You Have Your Mother to Thank for the Type of Man You Will Become
To my young son:
You don't realize it now, but you're a boob guy—
You are all about boobs—
And rightfully so,
For that is your sole sustenance.
That could all change someday though;
You might become a butt guy,
Or a legs guy;
But for now, go on and enjoy what you are:
A boob guy—
An infant whose nourishment comes from the breast.
Someday, years from now, although you'll shudder to think too much on it,
You really should try to find a way to thank your mother.
There will be hundreds of things she'll do for you,
And for many of those, thank her you will.
But for this one thing that is so central to your existence right now,
This dependence, this—addiction—
Oh, it's totally okay, no, don't cry, don't worry—
As I said, rightfully so—
But looking at the toll it takes on a mother!
You really need to come up with some genuine expression of gratitude;
Really, you must.
And though I am your father,
And I should encourage and guide you,
I don't imagine I will have many suggestions.
After all, if it had been me, I probably would have just gone the formula route—
Cowardly and pathetic, selfish soul I would have been.
But this is between you and your mother,
And so it needs to be something good.
Like, real good—
Like, sacrificial kind of good.
And so I'm afraid any ideas of my own will fall short
In trying to capture the essence of this thing you two share.
However, as I sit here and watch the subtle rise of your stomach
Beneath the bevy of doves cruising in circles on your ceiling,
I believe I do have an idea or two;
And I will try to think of more ideas throughout the years as you get older,
But really, this is your job—
After all, you're the boob guy.
Maybe a card with a well-versed, sentimental message—
One of those artsy kinds they sell now,
With braided paper string tied in a tiny little bow.
A heavy card, pressed modern-day papyrus,
With writing on both flaps inside—
Those are the really meaningful ones, remember—
With writing on both sides.
Let me suggest the kind that comes sleeved
In a clear cellophane wrapper over the front,
With instructions to "Remove wrapper,"
Though I don't know if they mean the card-writer or the card-receiver.
Perhaps one with some bit of recycled paper-mash-bas-relief,
Like a two-dimensional bluebird on a dogwood branch,
Or a honeybee suspended over a daffodil.
Of course, by the time you're out shopping,
You might be able to create one online by clicking and dragging clipart images:
Like a baby kangaroo nestled in its mother's pouch,
A little joey, nursing while he drifts off to sleep,
Like you often do.
Or perhaps, if a card seems too quaint,
Too laissez-faire for your style at that point in your near-grown-up life,
You might consider a more practical gift,
One with a deeper meaning,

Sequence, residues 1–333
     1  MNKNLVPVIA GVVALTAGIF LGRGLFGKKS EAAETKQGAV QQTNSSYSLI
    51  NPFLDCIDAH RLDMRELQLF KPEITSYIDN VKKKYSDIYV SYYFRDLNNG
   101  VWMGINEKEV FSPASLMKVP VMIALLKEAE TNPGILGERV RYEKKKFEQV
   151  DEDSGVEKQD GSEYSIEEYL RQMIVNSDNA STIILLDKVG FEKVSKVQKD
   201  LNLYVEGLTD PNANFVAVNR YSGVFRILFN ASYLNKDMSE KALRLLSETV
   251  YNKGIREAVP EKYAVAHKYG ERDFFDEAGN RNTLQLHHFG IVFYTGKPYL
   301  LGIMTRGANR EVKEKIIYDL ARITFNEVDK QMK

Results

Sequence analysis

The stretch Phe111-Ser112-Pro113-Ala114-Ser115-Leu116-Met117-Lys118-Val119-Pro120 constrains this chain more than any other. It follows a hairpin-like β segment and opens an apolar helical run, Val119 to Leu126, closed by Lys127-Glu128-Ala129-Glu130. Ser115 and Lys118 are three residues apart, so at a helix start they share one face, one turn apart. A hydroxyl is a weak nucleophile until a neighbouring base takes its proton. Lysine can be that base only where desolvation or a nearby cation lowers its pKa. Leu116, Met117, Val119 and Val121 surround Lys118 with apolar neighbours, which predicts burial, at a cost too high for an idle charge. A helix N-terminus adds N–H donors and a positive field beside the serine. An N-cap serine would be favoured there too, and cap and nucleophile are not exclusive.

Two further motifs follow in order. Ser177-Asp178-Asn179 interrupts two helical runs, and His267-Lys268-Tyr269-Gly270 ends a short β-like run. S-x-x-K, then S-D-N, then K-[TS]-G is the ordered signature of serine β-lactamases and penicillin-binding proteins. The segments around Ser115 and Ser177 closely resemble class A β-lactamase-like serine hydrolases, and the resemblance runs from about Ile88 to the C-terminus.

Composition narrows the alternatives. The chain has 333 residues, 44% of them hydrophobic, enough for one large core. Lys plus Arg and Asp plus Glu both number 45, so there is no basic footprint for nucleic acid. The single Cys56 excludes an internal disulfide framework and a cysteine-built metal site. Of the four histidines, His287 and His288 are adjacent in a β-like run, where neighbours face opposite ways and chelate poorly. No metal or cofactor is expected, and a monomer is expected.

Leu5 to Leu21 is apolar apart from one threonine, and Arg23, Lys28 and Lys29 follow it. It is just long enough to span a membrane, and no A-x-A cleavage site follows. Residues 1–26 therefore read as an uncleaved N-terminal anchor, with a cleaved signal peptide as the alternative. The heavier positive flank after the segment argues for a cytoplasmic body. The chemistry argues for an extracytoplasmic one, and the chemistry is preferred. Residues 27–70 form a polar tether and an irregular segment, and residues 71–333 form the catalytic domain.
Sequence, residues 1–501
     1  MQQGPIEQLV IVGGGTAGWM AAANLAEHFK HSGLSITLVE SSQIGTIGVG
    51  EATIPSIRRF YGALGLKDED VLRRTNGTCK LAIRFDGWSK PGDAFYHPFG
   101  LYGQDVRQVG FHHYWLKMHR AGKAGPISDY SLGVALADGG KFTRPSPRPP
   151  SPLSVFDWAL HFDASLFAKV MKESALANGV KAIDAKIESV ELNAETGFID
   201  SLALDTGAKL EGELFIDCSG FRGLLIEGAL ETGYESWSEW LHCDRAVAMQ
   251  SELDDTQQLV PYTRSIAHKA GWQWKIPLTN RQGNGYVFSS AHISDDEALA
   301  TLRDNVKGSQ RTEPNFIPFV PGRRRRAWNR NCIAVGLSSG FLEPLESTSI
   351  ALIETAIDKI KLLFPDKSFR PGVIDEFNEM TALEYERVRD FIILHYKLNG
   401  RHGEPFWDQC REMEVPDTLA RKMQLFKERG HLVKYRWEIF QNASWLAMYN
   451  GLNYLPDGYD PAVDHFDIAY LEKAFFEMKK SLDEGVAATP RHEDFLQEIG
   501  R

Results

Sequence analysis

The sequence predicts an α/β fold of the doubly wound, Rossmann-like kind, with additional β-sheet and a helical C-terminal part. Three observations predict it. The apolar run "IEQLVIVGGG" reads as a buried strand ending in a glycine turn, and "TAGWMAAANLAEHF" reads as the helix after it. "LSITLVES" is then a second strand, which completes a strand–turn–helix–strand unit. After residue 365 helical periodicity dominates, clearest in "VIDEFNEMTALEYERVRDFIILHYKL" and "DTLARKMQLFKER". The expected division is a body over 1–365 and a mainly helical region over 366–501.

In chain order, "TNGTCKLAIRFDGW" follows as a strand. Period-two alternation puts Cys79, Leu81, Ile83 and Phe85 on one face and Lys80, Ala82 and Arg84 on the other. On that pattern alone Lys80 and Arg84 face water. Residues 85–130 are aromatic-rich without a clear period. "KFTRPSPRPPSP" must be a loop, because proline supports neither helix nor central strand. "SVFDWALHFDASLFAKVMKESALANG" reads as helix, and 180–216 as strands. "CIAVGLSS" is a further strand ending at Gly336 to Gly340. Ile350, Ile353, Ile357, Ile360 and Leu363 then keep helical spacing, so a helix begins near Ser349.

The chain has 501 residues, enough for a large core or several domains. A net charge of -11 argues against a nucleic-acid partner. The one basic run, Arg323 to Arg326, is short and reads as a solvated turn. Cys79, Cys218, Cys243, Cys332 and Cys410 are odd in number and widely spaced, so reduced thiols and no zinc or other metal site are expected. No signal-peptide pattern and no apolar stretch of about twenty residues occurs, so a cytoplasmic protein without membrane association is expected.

More apropos and fitting.
I'll let you take the car to the mall one night,
And you can venture into a certain store
Where you'll be greeted by an angel—
A beautiful young girl about your age—
Who, somewhat timidly at the moment,
But owing to her duty as an employee,
Will ask if she can help you find something,
Help you pick out the perfect gift.
Abashedly, you will agree,
Subconsciously obeying the call of hormones,
Scared at what she may soon find out,
But even more terrified at not getting to talk to her longer.
And while your heart pounds through your feet as you trail her through the store—
You, now, a butt guy,
Or a legs guy,
A boob guy—
She'll turn and ask who it is you're shopping for.
In that moment you'll detect—
No, hope for—
A note of jealousy?
No, of course not—
She works here, after all.
A slight note of wishing, like you,
That perhaps if the planets align for you both,
You might come here on a day that she doesn't work to shop for her.
At least that is your heart's secret,
Which fights to be let out and announced to her,
If by no other means than by the betrayal of your eyes.
"Who are you shopping for?" she'll ask.
A question laden with longing—
At least you hope—
As her eyes meet yours.
And while walking, she'll look back over her shoulder,
To hear and see your answer.
And you'll notice how her hair flips in a playful way,
What seems to you a sensual way.
And as you consider your answer and follow her,
You'll glance up at a creepy figure
And contrast the blank-eyed stare-down of a
Scantily-clad Victoria's Secret mannequin
With the young lady in front of you
Whose eyes have melted your heart in merely a matter of minutes.
And because you imbibed mother's traits,
And she's always believed instinctually
That honesty is the best policy,
You will simply hope for the best outcome when you tell this employee the truth.
"Who am I shopping for?"
You will say to this goddess
Who goes to another school but is probably in the same grade as you—
Which is why you've never seen her until this evening—
That you've come here tonight
To buy a bra
For your mother.